• Towards plausible technological risks, given that the Group’s strategic objectives include providing logistics services with high added value and, therefore, involving advanced technological solutions.

These baselines for risk appetite are a tool for achieving the optimum balance between risk and opportunity.

Risk Detection

Risk detection refers to the identification of future events that could potentially pose a threat to the Group’s objectives, whether through interviews or self-assessment questionnaires.

Risk Analysis

All risks must be recorded in such a way that they can be readily understood and, especially, used to facilitate decision-making. Each risk should be defined by reference to its causes and contributing factors, as well as the consequences for the Group were it to materialise.

Risk Assessment

During this stage, the severity of each risk is assessed in order to prioritise those of greatest concern. The criteria used to explore potential impacts on the Group are: regulatory compliance, economic/financial, health and safety, operations, reputation and strategic context.

A parallel assessment looks at the mitigation measures adopted by the Group in response to the identified risks, to derive what is referred to as the “residual risk”. This exercise also evaluates the speed with which the risk could potentially materialise, which determines its ranking in the overall risk appetite framework.

Risk Mitigation

The Group’s response to the risk is analysed and categorised according to the following response types:

  • Eliminate: take all possible measures to negate the likelihood of the risk occurring and/or its impact, so that the risk effectively disappears or is eliminated.
  • Mitigate: take any necessary action to lessen the potential consequences should the risk materialise.
  • Transfer: assign the consequences associated with the risk, should it materialise, to a third party.
  • Accept: take no action, absorbing the potential consequences should the risk materialise.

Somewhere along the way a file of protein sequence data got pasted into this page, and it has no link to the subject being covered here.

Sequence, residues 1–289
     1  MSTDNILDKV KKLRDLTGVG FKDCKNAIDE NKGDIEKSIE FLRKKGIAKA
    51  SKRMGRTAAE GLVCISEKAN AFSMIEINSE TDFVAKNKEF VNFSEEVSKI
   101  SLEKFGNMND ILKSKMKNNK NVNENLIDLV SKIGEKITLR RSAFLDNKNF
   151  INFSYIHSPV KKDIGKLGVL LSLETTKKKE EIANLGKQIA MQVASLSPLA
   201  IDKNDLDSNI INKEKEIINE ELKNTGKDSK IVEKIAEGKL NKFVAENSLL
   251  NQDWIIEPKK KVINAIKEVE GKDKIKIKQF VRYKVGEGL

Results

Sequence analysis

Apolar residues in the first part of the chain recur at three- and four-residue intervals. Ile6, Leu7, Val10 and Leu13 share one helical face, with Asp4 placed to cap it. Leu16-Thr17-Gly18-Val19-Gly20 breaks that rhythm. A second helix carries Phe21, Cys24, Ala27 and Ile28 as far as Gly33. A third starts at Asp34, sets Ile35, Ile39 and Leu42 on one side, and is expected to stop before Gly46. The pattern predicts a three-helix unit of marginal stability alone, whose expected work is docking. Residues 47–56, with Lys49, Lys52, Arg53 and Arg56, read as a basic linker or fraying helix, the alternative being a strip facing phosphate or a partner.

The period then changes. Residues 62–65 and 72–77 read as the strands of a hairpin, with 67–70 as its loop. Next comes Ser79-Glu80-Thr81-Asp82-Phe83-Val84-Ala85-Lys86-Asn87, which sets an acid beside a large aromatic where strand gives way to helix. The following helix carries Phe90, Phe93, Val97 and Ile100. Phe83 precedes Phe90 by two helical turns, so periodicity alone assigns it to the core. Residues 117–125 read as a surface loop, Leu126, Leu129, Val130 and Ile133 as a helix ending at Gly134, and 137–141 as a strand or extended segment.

• Pursue: accept a greater degree of risk where offset by a potential performance gain. When choosing to pursue a risk, managers must understand the nature and scope of any changes required to achieve the desired performance gain without exceeding the acceptable limits of tolerance.

Action plans should then be put in place.

All actors implicated in the Group’s Risk Management Model are required to store and manage relevant information through tools such as the Risk Register and the Risk Map. Twice a year, the Audit and Control Committee carries out a review of material risks, response strategies and mitigation plans, including those relating to fiscal matters, before approving and distributing the Group’s Updated Risk Map. In the two quarters when this full review does not take place, the Audit and Control Committee is informed of the most significant developments in relation to material risks. This mechanism allows for the identification of new threats and for sufficient advance warning for effective Risk management. The Committee submits quarterly reports on its work in overseeing the Risk Control and Management System to the Board of Directors. In this way, the Group seeks to foster an appropriate setting and philosophy for risk management, through targeted communication with both the Audit and Control Committee and the Senior Management Team.

The risk management process is continuously monitored and revised, with a particular focus on emerging risks, the ongoing development of known risks, obsolete risks and materialised risks.

Breakdown of material risks

The Corporate Risk Map (among other documents) identifies the following risks, which are categorised in accordance with the framework set out in the General Risk Management Policy:

Tipo de riesgo Descripción Nivel de riesgo Planes de respuesta
Riesgos de Entorno y Negocio: